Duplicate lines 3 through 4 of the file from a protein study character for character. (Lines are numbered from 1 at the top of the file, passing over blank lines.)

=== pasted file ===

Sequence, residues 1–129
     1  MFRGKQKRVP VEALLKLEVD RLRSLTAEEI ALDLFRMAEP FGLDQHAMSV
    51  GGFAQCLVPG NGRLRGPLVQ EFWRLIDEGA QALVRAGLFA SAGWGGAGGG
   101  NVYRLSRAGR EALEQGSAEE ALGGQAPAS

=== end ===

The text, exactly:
    51  GGFAQCLVPG NGRLRGPLVQ EFWRLIDEGA QALVRAGLFA SAGWGGAGGG
   101  NVYRLSRAGR EALEQGSAEE ALGGQAPAS